In a study of college students, affective credit attitude (feeling about using credit cards) and gender influenced college students' credit purchasing. Affective credit attitude predicted the purchase of clothing, electronics, entertainment, travel, gasoline, and food away from home. Females purchased clothing; males purchased electronics, entertainment, and food away from home. Gender was more influential in predicting financial management practices than was affective credit attitude, with female students employing a greater number of financial practices. A path analysis model showed gender differences in the relationship between financial practices, financial stress, affective credit attitude, and the number of credit cards with a balance.
The use of credit cards to finance consumer purchases has become, unarguably, a way of life. In 1996 consumers charged one trillion dollars in products on their credit cards (Brobeck 1997). This heavy use of credit cards may be due in part to aggressive marketing by the credit card industry that has increased the availability of credit cards. In 1995 over two and one-half billion credit card solicitations were mailed, an average of twenty-five per household (Brobeck 1997).
For the marketers of both consumer goods and credit cards, tapping into the college student market makes good business sense. Research has shown that socialization as a consumer begins in infancy, with children making their first independent purchase at the average age of eight years (McNeal and Yeh 1993). By the time they reach college, full-time students represent over sixty billion dollars in buying power (Punch 1991). This group has many expenses associated with college and moving away from home and usually only a small income, making credit very tempting.
Marketers realize that if they can attract a student in college, there is a high likelihood that the student will remain a customer. Between 1988 and 1990 the number of undergraduates with credit cards increased by more than one-third (Punch 1991). Currently, between 70 percent and 80 percent of college students have at least one credit card and most have an average of three cards (Armstrong and Craven 1993; Hayhoe and Leach 1997; Jover and Allen 1996; Punch 1991; Xiao, Noring, and Anderson 1995).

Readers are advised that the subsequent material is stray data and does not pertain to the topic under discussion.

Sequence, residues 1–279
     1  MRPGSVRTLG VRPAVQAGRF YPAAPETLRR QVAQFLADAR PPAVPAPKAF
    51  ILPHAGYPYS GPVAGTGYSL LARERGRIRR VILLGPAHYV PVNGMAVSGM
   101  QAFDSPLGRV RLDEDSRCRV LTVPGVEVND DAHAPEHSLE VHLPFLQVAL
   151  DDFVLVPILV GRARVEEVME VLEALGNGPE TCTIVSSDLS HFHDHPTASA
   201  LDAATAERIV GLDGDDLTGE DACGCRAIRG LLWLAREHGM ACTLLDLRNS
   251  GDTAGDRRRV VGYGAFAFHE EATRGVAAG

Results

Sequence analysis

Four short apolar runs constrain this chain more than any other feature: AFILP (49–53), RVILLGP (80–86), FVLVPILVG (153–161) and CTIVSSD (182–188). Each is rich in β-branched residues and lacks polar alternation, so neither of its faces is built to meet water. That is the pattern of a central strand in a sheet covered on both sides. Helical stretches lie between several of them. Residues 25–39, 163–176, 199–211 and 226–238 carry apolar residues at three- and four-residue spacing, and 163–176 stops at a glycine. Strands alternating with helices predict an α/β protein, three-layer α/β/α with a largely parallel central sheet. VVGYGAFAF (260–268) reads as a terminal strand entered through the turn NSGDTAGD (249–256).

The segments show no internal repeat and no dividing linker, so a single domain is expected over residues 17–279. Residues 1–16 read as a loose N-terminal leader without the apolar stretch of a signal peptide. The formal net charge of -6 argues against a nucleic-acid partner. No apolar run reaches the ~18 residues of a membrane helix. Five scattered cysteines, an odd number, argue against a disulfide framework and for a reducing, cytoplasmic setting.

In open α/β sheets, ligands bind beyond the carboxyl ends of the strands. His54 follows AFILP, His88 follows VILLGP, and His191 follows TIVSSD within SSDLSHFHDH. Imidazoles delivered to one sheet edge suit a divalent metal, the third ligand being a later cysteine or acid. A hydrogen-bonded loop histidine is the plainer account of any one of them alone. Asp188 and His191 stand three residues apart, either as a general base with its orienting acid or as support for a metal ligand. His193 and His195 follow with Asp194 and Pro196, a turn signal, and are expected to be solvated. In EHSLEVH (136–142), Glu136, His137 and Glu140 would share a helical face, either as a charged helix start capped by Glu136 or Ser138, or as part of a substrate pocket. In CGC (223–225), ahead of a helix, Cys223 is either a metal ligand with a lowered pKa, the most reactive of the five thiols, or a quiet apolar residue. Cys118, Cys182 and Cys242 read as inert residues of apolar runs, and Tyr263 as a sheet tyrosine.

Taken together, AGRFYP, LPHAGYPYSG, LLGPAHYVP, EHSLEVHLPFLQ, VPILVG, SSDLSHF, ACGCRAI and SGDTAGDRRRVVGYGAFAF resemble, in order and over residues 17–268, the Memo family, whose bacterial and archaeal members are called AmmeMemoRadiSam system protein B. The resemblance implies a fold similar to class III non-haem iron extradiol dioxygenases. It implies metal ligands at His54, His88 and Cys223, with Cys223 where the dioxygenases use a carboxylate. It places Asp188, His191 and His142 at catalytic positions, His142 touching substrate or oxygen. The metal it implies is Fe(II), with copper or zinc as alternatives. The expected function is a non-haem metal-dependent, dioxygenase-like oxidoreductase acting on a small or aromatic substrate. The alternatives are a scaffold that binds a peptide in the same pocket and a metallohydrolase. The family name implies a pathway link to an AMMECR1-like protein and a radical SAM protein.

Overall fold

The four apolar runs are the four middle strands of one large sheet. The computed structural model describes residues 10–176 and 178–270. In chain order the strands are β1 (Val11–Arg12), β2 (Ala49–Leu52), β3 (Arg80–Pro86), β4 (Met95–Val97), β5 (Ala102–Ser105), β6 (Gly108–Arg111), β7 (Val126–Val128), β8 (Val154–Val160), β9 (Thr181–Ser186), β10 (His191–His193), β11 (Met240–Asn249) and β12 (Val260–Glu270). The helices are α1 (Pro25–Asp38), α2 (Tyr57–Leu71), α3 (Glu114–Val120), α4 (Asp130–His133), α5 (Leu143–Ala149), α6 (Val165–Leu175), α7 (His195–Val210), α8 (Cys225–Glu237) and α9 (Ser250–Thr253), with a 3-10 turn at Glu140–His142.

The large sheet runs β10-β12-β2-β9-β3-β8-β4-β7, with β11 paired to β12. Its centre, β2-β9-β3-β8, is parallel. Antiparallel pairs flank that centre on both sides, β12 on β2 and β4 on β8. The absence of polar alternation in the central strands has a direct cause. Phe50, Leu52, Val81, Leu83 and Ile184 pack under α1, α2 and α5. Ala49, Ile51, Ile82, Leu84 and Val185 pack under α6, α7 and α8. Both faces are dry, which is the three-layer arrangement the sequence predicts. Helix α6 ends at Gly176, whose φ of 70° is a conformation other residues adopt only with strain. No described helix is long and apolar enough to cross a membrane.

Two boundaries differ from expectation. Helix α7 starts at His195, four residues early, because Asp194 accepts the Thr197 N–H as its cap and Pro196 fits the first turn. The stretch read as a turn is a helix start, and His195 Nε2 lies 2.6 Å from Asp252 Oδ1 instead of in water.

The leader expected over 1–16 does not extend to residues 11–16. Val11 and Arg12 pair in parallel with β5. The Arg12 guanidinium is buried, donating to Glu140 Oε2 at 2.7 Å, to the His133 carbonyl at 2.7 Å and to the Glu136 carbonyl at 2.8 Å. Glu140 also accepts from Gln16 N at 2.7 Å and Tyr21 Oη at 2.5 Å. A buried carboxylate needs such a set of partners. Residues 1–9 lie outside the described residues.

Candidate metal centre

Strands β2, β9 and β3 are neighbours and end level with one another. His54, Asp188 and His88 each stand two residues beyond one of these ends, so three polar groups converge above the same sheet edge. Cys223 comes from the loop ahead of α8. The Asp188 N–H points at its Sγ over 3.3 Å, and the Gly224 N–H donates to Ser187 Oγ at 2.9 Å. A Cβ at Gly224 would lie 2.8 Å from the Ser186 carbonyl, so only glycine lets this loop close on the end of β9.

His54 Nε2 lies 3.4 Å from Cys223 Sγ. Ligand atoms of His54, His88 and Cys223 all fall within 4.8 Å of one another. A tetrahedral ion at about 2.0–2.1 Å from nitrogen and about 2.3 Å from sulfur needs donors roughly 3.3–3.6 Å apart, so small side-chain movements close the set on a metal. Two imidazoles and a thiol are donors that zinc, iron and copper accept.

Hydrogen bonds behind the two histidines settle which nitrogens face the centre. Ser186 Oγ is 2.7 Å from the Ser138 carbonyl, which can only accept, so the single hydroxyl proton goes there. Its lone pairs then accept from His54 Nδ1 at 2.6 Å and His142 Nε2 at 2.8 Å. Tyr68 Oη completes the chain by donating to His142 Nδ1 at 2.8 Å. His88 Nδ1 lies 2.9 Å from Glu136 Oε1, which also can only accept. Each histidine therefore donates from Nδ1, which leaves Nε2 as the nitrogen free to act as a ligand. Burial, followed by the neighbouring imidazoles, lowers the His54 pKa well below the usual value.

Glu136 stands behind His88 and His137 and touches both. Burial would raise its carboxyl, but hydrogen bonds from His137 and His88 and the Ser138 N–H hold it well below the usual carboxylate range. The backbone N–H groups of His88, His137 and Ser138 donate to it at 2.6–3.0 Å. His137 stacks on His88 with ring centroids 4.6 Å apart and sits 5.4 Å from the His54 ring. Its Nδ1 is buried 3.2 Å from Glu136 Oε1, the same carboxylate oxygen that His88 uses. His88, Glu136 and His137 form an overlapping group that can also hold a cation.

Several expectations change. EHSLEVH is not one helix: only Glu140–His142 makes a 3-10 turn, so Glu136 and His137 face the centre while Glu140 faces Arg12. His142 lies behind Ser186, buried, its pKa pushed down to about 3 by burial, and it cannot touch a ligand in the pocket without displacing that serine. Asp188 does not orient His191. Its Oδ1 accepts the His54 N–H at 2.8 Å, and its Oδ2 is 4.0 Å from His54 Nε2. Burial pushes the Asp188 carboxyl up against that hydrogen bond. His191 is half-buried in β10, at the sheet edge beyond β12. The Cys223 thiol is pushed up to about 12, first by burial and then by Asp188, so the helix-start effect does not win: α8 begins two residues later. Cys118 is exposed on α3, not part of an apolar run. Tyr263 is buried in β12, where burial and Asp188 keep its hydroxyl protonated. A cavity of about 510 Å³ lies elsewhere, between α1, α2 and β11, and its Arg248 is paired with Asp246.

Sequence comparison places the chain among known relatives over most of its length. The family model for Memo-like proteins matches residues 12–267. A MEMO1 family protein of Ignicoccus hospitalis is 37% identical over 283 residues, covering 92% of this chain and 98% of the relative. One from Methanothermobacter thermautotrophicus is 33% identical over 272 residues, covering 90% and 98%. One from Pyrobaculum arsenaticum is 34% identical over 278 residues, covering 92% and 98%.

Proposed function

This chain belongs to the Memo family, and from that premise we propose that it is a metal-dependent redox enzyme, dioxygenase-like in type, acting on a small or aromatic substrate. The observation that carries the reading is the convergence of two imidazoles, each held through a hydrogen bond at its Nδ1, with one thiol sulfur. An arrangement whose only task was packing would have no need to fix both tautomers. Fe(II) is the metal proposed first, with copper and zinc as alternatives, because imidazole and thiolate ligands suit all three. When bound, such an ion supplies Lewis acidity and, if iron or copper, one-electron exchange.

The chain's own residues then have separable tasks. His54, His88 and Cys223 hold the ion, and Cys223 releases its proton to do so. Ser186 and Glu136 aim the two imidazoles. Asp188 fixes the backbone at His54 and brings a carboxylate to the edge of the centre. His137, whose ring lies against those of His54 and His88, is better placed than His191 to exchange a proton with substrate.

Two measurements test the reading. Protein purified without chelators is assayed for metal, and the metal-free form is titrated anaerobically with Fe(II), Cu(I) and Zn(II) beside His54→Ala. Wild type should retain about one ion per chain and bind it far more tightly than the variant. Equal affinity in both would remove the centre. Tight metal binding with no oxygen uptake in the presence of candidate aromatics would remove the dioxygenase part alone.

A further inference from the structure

Understanding gender differences in use and management of credit cards, particularly among college students, has important implications. Understanding types of purchases for which college-aged men and women use their credit cards will give marketers, consumer economists, and researchers more information to better understand this highly targeted market segment. The identification of gender differences may also indicate that educators need to closely examine individual differences in learning about money management and credit use. Understanding the factors that influence students to carry a balance on multiple credit cards may indicate to financial counselors and educators the areas to stress in devising programs in this area.
The first purpose of this study is to examine the impact of gender on credit card use and financial management practices. The second purpose of the study is to examine the impact of the affective use of credit on purchasing and financial management behaviors. How does one's emotional feeling about credit influence what is purchased and how finances are managed? Does it vary by gender?
The third purpose of this study is to introduce a model that depicts the interaction of variety of purchases, financial management practices, financial stressors, affective credit attitude, and number of credit cards with a balance (see Figure 1). It is hypothesized that the model symbolized in the following equations will be significant:
Number of Credit Cards with a Balance = [[beta].sub.1]variety of purchases -- [[beta].sub.2]financial practices + [[beta].sub.3]affective credit attitude + [[beta]. …